Global health community pays tribute to NIH Director Dr Francis S Collins

November / December 2016 | Volume 15, Number 6

NIH Director Francis Collins greets members of the global health community during an event honoring his contributions
Photo by Bill Branson/NIH

The global health community celebrated Dr. Francis S.
Collins for his many contributions as NIH director.

​Many scientists were surprised when Dr. Francis S. Collins declared global health research would be among his top five priorities as NIH director. The grateful community gathered on Oct. 14 to pay tribute to him for his many accomplishments and review some of the significant global health advances NIH supported during his tenure.

Collins has been a stalwart advocate, said Fogarty director Dr. Roger I. Glass, as he opened the event, which was hosted by the NIH Global Health Research Working Group.

"You've really graced us over the last eight years and provided support beyond anything we could have imagined, extending the reach of global health to all the NIH Institutes and Centers, supporting young investigators to consider global health careers and building exciting new partnerships," added Glass, who also serves as Associate Director for Global Health Research at NIH.

Collins' accomplishments will have lasting impact, Glass said, noting they included helping launch the Consortium of Universities for Global Health, forging an NIH collaboration with the Bill & Melinda Gates Foundation and establishing two cross-cutting programs - the Medical Education Partnership Initiative (MEPI) and Human Heredity and Health in Africa (H3Africa) project. Collins also devoted considerable time to forging international relationships, hosting numerous visitors, including African presidents, the Queen of Spain and the first high-level Cuban delegation in 54 years. He also met with scientists around the world to monitor scientific progress and encourage the next generation of global health leaders.

Fogarty Director Glass and NIH Director Collins talk during an event honoring the global health contributions of Collins
Photo by Bill Branson/NIH

Fogarty Director Dr. Roger I. Glass and NIH Director
Dr. Francis S. Collins reminisced about their many
foreign trips.

"Wherever we've travelled," Glass said, "he's gone out to sit down with students and encourage young researchers by telling them that the career choices they're engaged in are really worthy of being supported."

Collins has had a positive influence on research, both foreign and domestic, said Dr. Doug Lowy, Acting Director of the National Cancer Institute. "Francis has been an amazing force. But what we are celebrating today represents probably one-fiftieth of the impact that he has had since becoming NIH Director," Lowy said. "We owe him a tremendous debt of gratitude for his energy, vision and dedication."

Collins noted that his commitment to global health only deepened during his tenure. "This is a noble enterprise," he said. "It's not just something that we do, not just an academic search for knowledge, it's also about this compelling feeling that we're in this to help others and that doesn't stop at the boundaries of our country."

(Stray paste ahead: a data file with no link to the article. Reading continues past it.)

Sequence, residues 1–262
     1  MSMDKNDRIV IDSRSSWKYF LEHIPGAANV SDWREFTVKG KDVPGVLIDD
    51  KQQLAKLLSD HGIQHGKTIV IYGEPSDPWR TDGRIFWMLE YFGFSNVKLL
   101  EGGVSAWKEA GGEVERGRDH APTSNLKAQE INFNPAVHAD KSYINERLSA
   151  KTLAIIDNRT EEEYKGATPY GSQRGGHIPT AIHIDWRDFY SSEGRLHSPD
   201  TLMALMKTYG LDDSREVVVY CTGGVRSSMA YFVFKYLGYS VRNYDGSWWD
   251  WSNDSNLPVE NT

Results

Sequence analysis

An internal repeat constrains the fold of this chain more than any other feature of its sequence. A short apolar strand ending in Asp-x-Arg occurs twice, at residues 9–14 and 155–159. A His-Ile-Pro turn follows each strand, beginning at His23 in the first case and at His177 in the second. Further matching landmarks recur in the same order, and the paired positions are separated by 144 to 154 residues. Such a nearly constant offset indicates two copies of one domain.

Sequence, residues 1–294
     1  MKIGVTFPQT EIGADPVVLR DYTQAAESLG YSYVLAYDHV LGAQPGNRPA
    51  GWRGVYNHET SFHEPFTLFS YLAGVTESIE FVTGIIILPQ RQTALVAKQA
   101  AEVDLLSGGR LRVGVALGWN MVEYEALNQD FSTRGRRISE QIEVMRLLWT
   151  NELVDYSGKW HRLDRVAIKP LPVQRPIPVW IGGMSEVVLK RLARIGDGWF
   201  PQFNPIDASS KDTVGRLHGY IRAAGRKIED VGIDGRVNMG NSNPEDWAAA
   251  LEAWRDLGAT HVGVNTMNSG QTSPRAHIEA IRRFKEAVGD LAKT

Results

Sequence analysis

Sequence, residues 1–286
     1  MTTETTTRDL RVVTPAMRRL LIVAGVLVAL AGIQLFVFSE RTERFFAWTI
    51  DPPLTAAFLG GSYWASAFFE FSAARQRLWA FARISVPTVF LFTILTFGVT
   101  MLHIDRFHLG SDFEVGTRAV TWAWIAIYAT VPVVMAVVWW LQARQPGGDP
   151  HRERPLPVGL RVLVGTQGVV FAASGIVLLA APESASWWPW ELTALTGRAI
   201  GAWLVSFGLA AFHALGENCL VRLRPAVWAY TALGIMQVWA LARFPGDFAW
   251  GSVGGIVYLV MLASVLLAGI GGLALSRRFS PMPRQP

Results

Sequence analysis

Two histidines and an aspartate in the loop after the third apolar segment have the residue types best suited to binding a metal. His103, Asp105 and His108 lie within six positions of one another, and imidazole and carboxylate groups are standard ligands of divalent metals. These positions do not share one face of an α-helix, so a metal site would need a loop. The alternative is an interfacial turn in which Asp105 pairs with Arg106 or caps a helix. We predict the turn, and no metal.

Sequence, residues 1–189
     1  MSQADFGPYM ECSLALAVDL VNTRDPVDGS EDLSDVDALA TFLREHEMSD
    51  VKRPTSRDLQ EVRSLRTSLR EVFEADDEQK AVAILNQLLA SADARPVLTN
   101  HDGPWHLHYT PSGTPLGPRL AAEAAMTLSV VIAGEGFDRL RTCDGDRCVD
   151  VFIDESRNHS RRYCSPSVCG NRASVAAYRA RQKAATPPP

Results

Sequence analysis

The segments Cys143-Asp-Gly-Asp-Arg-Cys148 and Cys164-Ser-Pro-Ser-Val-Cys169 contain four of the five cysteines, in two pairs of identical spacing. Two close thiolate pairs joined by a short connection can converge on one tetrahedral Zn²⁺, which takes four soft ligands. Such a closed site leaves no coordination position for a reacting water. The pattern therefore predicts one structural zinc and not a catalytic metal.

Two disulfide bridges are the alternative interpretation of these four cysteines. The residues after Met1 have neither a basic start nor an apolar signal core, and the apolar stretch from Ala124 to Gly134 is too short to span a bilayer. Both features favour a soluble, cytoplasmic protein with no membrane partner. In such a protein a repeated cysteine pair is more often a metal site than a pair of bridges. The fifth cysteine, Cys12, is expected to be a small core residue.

During the session, NIH global health leaders and their foreign grantees presented outcomes from varied projects including breast cancer research in diverse populations; investigations of the molecular and genetic basis of hearing and vision impairment in Pakistan; research collaborations in Haiti; studies to improve pregnancy outcomes in low-income countries; the increasing emphasis on global mental health; the growing burden of stroke; and genomics research in sub-Saharan Africa.

Many gather to have photos taken with NIH Director Francis Collins during an event honoring his global health contributions
Photo by Bill Branson/NIH

Well-wishers snapped photos of Dr. Collins following the
tribute event.

 

Clement Adebamowo, Francis Collins and Bill Pape pose during an event honoring the global health contributions of Collins
Photo by Bill Branson/NIH

NIH Director Dr. Collins (center) celebrated the global health
accomplishments of grantees including Dr. Clement
Adebamowo of Nigeria (left) and Dr. Bill Pape of Haiti (right).

International collaborations are particularly important for scientists studying genomics, Collins observed. "We are all Africans," he said. "If you want to study genetic variation and you really want to get the full picture, you have to go to Africa because that's where it all started, that's where the founder population is, that's where the richness of human genetic variation is to be found."

Collins described as "electrifying" the progress he saw during visits to Africa to meet with grantees of the H3Africa and MEPI programs. "There's something happening there," he said, "a sense of excitement among the young investigators and a growing recognition by African governments that this is something they should invest in. We should try to push that."

Collins plans to continue his efforts to catalyze development of Africa's science and technology enterprise, empower local researchers and spur discoveries to improve health among the world's poorest populations.

"What a great outcome it would be, to see all the members of our human family given the opportunity to flourish in a new way," Collins said.

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